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An improved micropropagation system, ex vitro rooting and validation of genetic homogeneity in wild female Momordica dioica: an underutilized nutraceutical vegetable crop
Choudhary, S.K.; Patel, A.K.; Harish, H.; Shekhawat, S.; Shekhawat, N.S. (2017). An improved micropropagation system, ex vitro rooting and validation of genetic homogeneity in wild female Momordica dioica: an underutilized nutraceutical vegetable crop. Physiology and Molecular Biology of Plants 23(3): 713-722. https://hdl.handle.net/10.1007/s12298-017-0441-z
In: Physiology and Molecular Biology of Plants. Springer: New York. ISSN 0971-5894; e-ISSN 0974-0430, more
Peer reviewed article  

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Keyword
    Terrestrial
Author keywords
    Cucurbitaceae, Ex vitro rooting, Genetic homogeneity, Micropropagation, Spine gourd

Authors  Top 
  • Choudhary, S.K.
  • Patel, A.K.
  • Harish, H.
  • Shekhawat, S.
  • Shekhawat, N.S.

Abstract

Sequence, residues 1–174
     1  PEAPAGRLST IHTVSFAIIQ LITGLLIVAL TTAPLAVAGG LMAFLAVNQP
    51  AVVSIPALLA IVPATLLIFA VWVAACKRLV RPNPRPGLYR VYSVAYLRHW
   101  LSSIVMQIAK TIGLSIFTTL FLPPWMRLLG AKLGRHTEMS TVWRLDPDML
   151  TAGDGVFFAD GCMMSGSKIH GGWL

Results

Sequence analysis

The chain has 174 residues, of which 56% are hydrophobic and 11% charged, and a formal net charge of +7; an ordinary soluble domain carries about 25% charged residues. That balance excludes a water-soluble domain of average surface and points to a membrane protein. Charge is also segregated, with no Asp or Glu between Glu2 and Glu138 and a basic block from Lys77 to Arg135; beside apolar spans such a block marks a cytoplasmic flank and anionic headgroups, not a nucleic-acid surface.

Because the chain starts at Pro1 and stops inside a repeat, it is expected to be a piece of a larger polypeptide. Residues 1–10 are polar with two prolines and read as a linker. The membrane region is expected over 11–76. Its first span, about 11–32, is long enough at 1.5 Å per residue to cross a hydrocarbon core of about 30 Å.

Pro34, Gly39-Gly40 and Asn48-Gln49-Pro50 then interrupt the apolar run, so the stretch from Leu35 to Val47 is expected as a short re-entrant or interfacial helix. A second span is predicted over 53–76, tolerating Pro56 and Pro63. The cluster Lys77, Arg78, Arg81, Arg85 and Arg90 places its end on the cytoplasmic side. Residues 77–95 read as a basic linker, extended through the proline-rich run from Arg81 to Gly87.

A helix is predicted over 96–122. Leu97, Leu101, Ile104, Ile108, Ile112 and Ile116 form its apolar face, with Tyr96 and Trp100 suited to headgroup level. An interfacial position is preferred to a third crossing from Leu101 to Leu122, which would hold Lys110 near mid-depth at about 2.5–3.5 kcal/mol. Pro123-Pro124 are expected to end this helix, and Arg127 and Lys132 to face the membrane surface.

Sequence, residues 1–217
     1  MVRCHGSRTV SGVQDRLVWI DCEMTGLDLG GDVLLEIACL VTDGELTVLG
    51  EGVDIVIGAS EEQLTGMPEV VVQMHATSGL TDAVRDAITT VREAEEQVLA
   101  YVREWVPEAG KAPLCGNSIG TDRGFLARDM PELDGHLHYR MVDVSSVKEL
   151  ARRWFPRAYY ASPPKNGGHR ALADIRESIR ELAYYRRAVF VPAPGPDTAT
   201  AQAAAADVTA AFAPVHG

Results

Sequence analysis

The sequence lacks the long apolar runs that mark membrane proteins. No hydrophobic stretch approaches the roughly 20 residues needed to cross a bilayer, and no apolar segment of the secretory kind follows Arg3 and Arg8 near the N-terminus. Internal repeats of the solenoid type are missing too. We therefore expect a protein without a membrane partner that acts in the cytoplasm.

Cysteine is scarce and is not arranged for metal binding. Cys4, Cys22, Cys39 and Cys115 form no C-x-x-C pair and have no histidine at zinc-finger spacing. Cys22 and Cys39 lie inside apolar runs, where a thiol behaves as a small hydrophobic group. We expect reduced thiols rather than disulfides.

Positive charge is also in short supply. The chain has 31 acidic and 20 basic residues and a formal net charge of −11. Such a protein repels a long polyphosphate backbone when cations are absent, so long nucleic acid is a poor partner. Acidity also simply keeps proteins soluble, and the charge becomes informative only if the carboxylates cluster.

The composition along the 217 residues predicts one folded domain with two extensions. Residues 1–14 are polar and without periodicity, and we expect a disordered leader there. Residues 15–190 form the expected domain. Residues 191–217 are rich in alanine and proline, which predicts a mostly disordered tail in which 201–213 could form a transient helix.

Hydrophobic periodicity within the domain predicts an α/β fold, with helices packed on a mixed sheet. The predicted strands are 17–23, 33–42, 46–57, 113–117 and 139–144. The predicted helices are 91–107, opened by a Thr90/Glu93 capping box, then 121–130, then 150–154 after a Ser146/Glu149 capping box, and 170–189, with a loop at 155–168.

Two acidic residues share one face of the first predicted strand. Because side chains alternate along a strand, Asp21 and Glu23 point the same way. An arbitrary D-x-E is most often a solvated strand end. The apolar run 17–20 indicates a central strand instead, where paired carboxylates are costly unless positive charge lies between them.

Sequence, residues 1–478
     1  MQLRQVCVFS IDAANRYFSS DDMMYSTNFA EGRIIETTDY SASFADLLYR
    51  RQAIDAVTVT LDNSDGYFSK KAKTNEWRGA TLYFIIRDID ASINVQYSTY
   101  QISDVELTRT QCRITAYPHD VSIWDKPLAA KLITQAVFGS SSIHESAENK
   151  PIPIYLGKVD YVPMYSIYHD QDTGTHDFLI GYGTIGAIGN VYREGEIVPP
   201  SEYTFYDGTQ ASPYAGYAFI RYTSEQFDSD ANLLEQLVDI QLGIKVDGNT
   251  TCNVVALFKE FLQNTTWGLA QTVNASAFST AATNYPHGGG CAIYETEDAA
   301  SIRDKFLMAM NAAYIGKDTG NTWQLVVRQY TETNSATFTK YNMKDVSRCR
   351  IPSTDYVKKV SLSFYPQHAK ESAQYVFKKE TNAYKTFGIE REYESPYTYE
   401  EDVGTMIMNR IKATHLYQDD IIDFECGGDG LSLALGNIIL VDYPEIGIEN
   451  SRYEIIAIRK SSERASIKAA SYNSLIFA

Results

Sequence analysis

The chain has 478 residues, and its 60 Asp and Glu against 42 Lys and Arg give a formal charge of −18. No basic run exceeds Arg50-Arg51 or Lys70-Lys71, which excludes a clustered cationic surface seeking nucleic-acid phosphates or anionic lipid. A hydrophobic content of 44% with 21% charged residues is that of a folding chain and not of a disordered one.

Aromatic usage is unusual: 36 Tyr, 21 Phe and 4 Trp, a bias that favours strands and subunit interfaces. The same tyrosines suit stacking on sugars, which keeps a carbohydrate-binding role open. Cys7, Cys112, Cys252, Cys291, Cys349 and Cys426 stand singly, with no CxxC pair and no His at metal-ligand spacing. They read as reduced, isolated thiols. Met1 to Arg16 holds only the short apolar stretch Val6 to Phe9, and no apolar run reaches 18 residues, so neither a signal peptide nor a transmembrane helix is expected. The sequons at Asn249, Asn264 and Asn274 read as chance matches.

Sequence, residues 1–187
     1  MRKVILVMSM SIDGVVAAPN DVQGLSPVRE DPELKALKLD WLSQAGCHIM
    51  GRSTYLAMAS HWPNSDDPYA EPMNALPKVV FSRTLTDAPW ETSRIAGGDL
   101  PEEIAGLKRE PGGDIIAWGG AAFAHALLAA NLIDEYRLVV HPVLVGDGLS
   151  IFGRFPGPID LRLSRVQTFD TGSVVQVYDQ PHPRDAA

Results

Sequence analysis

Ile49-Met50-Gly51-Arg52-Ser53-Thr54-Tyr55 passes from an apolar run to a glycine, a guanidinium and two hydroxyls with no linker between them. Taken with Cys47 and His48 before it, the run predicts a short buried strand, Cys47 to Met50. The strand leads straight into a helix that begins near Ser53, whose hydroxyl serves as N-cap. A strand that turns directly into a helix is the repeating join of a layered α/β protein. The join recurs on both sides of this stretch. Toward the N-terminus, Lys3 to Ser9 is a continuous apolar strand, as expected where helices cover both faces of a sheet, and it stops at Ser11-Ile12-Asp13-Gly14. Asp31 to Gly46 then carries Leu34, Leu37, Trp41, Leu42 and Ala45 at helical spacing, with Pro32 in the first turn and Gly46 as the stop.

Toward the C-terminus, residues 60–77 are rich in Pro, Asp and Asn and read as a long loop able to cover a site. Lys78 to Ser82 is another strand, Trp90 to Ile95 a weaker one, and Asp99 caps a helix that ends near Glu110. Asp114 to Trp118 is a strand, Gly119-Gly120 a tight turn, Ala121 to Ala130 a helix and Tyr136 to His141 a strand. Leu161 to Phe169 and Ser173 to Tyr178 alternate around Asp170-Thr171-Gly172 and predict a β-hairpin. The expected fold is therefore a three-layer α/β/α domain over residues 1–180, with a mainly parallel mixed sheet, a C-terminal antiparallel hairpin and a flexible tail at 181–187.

Momordica dioica Roxb. ex Willd., is a perennial and dioecious (2n = 28) plant of family Cucurbitaceae. Conventional methods of propagation through seeds, stem cuttings and rhizomatous/tuberous roots are inadequate for its mass cultivation as a vegetable crop. This paper reports an improved and efficient micropropagation method for wild female M. dioica using nodal explants. Shoot amplification was achieved using subculturing of in vitro raised shoots on MS medium supplemented with various concentrations of 6-benzylaminopurine (BAP) alone or in combination with indole-3-acetic acid (IAA). The maximum number of shoots (45.30 ± 3.83) with an average length 6.52 ± 0.89 cm were differentiated on MS medium containing 0.5 mg L−1 BAP, 0.1 mg L−1 IAA and additives (50 mg L−1 ascorbic acid, 25 mg L−1 each of adenine sulphate, citric acid and l-arginine). The cloned shoots were rooted ex vitro. Each shoot treated with 250 mg L−1 IBA for 5 min produced 12.3 ± 1.33 with a mean length 5.4 ± 0.73 cm. More than 85% (46 plants) of ex vitro rooted plantlets were successfully hardened in a greenhouse with normal growth characteristics. In order to evaluate the genetic stability of micropropagated plants, the two PCR-based techniques, Random Amplified Polymorphic DNA (RAPD) and Inter Simple Sequence Repeats (ISSR) were used. The amplification patterns of the micropropagated and mother plant were monomorphic thus depicting genetic stability of the micropropagation system. This protocol could be effectively employed for the mass multiplication of wild female M. dioica, a popular summer vegetable crop.

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